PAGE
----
Additionally, they participated in a leader professional development session hosted by Maj. Gen. Michel M. Russell Sr. where he spoke to them about the fundamentals of leadership.

He discussed several leadership topics which he believes are important for all officers regardless of grade or experience and emphasized diversity in the formation. The commanding general also spoke about the importance of empathy and the critical role that people play in accomplishing the mission.

Russell introduced his command team and other leaders who work at 1st TSC. This group of officers, noncommissioned officers, and civilians answered questions and provided a more holistic viewpoint of leadership and the realities of serving in the Army.

2nd Lt. Kevin Luna Torres of Framingham, Massachusetts, already possesses hands-on experience, having served as an enlisted infantry Soldier with the 181st Infantry Regiment in the Massachusetts National Guard, which is the oldest combat regiment currently in the U.S. Army.

He was activated several times while serving with the 181st. One of his final deployments with the unit was providing support at the last Presidential Inauguration in Washington, D.C.

“I’m grateful that I served there and was able to be a part of history,” he said.

He knows how important it is to develop Soldiers, because he was provided many growth opportunities in the past. These include being encouraged to participate in ROTC and earn his commission.

“With this rank comes respect, but more importantly it gives me the opportunity to also help develop Soldiers to grow,” Torres said.

2nd Lt. Dawson W. Yates of Jupiter, Florida said. “I didn’t know what to expect when we were assigned here after finishing our roles in training. It is really eye opening, because I had no idea how much enlisted Soldiers do.”

Yates recently graduated from Wake Forest University in North Carolina and will continue his training to become a field artillery officer. He knows that his first duty assignment will be at Fort Stewart, Georgia.

2nd Lt. Yasmin Camacho-Perez completed her studies at Georgia Southern University. The Statesboro, Georgia native is continuously learning people skills and how to communicate with Soldiers of various backgrounds. She believes this will help her lead diverse groups of Soldiers.

She has spent much of her time at 1st TSC observing in the Support Operations section where she learned why and how decisions are made and who makes them.

“I decided to lead so that I can be more independent and the Army provides opportunity and that financial independence I’m looking for,” Camacho-Perez said.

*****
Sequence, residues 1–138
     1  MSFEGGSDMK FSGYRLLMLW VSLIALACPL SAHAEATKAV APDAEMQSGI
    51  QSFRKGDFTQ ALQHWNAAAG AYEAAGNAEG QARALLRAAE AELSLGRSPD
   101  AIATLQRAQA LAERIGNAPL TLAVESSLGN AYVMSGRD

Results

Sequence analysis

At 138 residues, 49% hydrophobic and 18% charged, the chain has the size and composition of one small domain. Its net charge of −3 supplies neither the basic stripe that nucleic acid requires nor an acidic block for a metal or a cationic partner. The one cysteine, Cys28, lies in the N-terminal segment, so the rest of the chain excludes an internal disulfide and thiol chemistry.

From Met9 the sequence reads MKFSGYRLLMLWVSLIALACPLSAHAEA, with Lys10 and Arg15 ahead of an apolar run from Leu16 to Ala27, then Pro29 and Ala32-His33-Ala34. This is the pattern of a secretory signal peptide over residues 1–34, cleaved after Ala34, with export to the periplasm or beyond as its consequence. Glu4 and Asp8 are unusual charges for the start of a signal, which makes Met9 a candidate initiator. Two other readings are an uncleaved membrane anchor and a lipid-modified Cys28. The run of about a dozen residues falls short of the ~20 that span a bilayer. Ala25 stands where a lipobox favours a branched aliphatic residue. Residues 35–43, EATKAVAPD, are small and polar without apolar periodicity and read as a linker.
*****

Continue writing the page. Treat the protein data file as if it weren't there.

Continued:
2nd Lt. Alexandria Woodward appreciates this chance to learn about sustainment and how the 1st TSC supports all of the operations overseas.

The Virginia Military Institute graduate from San Antonio, Texas said that she knew she wanted to lead, because not leading is boring to her.

“I learned a lot about myself even while being a part of Junior Reserve Officer Training Corps in high school,” she said.

Woodward wanted the benefit of having her college paid, along with a stable financial income which she did not always have.

Most importantly, she wanted to be challenged.  “After talking with people who made a career out of serving in the Army, I knew this was a good place for me full time,” Woodward said.

Her experiences being a new female leader have proven to be positive as well. “I’ve never been treated differently by any of my peers.

“It’s like any other community. As long as you put yourself out there and are willing to take the challenge then good superiors know that you’re just as much of an officer, just as much of a sponge, and just as moldable as a female leader,” Woodward said.

In addition to all of their training with Soldiers at 1st TSC, Caldwell said, “They get to make a whole bunch of connections here, and they understand where their [logistics] support is coming from– especially for infantry and armor officers.”

Caldwell hopes that this collaboration will ingrain in the Army’s newest leaders to include their sustainers in their plans, so that the sustainers know what they need done; and that their plans include the capabilities of their sustainers while still being able to accomplish mission on time.